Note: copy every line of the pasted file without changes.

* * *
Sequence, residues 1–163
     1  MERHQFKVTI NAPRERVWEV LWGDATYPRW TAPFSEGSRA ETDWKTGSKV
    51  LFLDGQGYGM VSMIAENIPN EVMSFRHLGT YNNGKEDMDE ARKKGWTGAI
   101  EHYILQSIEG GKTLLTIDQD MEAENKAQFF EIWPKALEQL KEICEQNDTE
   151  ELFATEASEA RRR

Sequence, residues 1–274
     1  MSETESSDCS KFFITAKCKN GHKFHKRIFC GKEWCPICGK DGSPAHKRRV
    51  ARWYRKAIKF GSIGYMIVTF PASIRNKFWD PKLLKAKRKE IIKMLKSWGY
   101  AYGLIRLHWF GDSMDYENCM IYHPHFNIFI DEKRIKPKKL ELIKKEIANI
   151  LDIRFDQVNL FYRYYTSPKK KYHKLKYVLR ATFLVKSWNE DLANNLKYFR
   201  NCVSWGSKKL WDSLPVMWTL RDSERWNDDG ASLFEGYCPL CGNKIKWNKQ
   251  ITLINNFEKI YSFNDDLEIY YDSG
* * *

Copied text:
Sequence, residues 1–163
     1  MERHQFKVTI NAPRERVWEV LWGDATYPRW TAPFSEGSRA ETDWKTGSKV
    51  LFLDGQGYGM VSMIAENIPN EVMSFRHLGT YNNGKEDMDE ARKKGWTGAI
   101  EHYILQSIEG GKTLLTIDQD MEAENKAQFF EIWPKALEQL KEICEQNDTE
   151  ELFATEASEA RRR

Sequence, residues 1–274
     1  MSETESSDCS KFFITAKCKN GHKFHKRIFC GKEWCPICGK DGSPAHKRRV
    51  ARWYRKAIKF GSIGYMIVTF PASIRNKFWD PKLLKAKRKE IIKMLKSWGY
   101  AYGLIRLHWF GDSMDYENCM IYHPHFNIFI DEKRIKPKKL ELIKKEIANI
   151  LDIRFDQVNL FYRYYTSPKK KYHKLKYVLR ATFLVKSWNE DLANNLKYFR
   201  NCVSWGSKKL WDSLPVMWTL RDSERWNDDG ASLFEGYCPL CGNKIKWNKQ
   251  ITLINNFEKI YSFNDDLEIY YDSG